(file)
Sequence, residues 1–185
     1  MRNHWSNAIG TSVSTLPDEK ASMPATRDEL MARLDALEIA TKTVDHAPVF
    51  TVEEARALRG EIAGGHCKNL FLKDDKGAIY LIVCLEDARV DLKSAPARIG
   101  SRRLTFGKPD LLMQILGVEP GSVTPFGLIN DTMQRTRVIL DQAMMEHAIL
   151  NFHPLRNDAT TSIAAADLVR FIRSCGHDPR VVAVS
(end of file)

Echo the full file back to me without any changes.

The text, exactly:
Sequence, residues 1–185
     1  MRNHWSNAIG TSVSTLPDEK ASMPATRDEL MARLDALEIA TKTVDHAPVF
    51  TVEEARALRG EIAGGHCKNL FLKDDKGAIY LIVCLEDARV DLKSAPARIG
   101  SRRLTFGKPD LLMQILGVEP GSVTPFGLIN DTMQRTRVIL DQAMMEHAIL
   151  NFHPLRNDAT TSIAAADLVR FIRSCGHDPR VVAVS